Emberiza citrinella. Geelgors

Lost birdsong of Britain revealed

22-JAN-2017 - A new study reveals that yellowhammer dialects, that previously existed in the UK, can still be heard in birdsong overseas, shedding new light on the cultural evolution of birdsong. A citizen science project enabled scientists to make comparisons between yellowhammer dialects in the UK and New Zealand, where over 600 birds were introduced in the 19th century.

New research into bird accents has shown that some regional accents, once thought to be lost in the UK, can still be heard on the other side of the world.

ThYellowhammere study, published in Ecography, examined yellowhammer dialects in the UK and New Zealand, where the birds were introduced in the 1860’s and 1870’s and later became pests. It found some dialects that likely existed in the UK appear to have gone extinct, yet they still exist in New Zealand, a phenomenon which also occurs in human languages.

The research was led by a Czech research team who encouraged volunteers to collect and submit recordings of singing yellowhammers using smartphones and cameras. Using these recordings from the citizen science project, scientists compared the patterns of yellowhammer dialects in the native range of Great Britain, and in the invaded range of New Zealand.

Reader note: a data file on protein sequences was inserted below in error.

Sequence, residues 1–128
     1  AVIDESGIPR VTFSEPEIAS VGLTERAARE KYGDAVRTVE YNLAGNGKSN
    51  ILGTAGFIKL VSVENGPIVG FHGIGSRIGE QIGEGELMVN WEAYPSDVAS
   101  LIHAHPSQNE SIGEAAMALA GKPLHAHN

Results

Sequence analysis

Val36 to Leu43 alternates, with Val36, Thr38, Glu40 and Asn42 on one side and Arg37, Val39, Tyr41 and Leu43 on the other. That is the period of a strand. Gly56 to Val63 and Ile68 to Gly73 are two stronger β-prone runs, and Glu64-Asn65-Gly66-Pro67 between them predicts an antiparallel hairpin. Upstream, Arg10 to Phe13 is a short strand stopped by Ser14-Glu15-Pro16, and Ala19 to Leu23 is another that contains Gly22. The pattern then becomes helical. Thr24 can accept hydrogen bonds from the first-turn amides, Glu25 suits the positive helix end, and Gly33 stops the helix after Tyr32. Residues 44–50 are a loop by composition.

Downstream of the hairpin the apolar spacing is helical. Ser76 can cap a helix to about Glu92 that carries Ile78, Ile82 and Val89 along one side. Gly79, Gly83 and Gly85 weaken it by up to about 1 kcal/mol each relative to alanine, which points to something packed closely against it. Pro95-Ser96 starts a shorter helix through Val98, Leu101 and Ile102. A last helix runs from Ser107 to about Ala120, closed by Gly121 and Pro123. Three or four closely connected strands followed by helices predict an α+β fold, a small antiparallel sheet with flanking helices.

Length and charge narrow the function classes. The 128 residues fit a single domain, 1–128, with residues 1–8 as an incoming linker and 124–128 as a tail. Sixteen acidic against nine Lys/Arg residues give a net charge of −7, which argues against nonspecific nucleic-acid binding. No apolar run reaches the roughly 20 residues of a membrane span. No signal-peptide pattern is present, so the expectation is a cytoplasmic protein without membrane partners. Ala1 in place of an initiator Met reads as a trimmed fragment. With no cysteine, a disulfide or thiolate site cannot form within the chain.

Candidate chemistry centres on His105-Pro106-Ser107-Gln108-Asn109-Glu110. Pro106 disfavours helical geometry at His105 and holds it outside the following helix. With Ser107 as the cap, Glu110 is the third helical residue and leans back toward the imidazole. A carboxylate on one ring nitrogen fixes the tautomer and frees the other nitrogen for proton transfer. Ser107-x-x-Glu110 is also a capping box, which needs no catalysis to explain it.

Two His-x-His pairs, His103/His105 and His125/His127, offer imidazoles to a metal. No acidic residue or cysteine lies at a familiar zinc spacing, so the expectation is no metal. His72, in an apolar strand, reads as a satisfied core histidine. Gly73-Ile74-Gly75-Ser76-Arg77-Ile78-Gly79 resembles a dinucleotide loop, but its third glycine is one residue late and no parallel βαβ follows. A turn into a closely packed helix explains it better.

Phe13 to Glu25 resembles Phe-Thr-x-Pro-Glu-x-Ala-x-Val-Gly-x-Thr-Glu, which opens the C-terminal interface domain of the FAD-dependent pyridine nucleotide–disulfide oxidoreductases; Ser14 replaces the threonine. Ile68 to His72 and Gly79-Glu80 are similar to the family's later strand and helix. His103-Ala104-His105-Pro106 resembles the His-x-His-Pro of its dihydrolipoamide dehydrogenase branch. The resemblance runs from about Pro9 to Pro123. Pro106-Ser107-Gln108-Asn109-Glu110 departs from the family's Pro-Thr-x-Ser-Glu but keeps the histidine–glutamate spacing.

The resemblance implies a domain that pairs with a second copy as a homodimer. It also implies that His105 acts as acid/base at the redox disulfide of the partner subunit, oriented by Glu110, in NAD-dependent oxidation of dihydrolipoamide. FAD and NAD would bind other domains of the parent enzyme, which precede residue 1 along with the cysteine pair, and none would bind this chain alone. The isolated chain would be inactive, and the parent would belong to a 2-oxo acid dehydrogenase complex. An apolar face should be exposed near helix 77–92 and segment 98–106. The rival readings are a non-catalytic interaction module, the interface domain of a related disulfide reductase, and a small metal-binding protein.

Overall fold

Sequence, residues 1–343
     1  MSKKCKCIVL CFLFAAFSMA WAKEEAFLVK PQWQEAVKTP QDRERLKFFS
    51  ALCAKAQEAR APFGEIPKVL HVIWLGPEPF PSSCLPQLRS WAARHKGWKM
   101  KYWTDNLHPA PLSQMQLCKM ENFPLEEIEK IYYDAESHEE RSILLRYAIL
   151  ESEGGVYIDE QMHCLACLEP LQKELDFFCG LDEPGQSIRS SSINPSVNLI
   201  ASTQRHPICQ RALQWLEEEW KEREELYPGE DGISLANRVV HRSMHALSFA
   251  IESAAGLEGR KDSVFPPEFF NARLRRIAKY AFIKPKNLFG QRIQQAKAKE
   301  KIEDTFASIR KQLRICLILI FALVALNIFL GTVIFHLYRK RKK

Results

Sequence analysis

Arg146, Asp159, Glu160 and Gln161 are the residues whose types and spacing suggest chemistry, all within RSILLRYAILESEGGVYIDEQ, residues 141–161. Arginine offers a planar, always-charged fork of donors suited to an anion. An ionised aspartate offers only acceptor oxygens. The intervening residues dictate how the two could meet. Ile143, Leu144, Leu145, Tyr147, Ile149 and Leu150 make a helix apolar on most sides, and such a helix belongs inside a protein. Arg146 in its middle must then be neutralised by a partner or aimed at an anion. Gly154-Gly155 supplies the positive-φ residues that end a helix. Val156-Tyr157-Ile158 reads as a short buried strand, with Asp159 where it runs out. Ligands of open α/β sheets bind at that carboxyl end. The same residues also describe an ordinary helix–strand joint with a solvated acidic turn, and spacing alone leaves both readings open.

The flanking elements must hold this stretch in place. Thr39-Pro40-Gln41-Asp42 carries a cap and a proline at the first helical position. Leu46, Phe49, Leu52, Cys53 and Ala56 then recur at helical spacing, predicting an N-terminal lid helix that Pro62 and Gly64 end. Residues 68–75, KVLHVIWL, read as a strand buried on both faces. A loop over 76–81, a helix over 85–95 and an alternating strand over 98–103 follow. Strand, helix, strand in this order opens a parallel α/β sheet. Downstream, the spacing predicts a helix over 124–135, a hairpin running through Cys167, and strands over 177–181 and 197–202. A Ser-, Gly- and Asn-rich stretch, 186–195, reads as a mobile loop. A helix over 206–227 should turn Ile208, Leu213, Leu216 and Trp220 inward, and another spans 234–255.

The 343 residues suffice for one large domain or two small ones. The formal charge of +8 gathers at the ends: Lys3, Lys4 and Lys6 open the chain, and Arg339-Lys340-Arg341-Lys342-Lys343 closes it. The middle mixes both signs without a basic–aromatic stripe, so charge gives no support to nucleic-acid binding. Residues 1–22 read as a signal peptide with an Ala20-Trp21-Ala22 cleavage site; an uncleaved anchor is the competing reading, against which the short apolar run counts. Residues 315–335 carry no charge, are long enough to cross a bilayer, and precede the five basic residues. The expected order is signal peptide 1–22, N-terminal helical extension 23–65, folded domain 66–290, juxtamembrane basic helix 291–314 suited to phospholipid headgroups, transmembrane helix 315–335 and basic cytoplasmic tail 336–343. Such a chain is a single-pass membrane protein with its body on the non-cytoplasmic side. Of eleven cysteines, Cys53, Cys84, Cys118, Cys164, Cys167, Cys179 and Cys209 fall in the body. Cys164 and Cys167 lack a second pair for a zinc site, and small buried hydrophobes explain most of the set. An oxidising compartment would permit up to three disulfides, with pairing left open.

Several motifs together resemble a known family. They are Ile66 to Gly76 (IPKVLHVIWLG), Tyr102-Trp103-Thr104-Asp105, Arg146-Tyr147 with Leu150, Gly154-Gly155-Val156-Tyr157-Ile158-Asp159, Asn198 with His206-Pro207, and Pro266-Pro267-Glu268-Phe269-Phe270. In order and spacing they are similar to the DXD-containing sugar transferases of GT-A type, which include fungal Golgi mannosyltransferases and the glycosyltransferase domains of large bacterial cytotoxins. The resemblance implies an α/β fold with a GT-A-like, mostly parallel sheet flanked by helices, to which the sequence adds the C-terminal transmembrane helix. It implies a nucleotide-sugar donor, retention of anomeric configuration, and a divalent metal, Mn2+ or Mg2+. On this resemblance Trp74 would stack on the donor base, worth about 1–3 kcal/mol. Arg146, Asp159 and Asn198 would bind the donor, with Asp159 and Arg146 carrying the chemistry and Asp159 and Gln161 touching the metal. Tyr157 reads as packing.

Although they expected New Zealand yellowhammers to exhibit fewer dialects than those in the mother country, quite the opposite pattern emerged. New Zealand boasts almost twice as many yellowhammer dialects as Great Britain. Experts think the best explanation for their findings is that New Zealand yellowhammers have retained song structures which were originally from the UK. However, these dialects have subsequently been lost in the mother country, possibly due to the widespread decline in yellowhammers in the UK.

Pavel Pipek, of the Charles University in Prague and lead author on the yellowhammer dialects paper, said: “It was fascinating to have this unique opportunity to study yellowhammer dialects from native and introduced populations and how they have evolved over 150 years. 

“This phenomenon of lost birds’ dialect is an avian equivalent of what happens with human languages. For example, some English words, which are no longer spoken in Great Britain, are still in use in the former British colonies.”

British yellowhammers have experienced a severe population decline in recent decades, meaning the original variety of dialects might have diminished.

Dr Mark Eaton, RSPB principal conservation scientist and study co-author, said: “Yellowhammers are a delightful farmland bird with unmistakeable bright yellow heads. At one time they were a common sight, but sadly their numbers have declined so rapidly that nowadays they are difficult to find in many parts of the UK.

“It’s likely the decline in yellowhammers has led to some of their original dialects being lost, yet these have survived in the songs of the birds in New Zealand due to the abundant populations. This birdsong may therefore serve as a living archive of songs sung by yellowhammers in 19th century Britain.”

Text: RSPB; Pavel Pipek, Charles University in Prague
Photos: Jan Nijendijk, Saxifraga; RSPB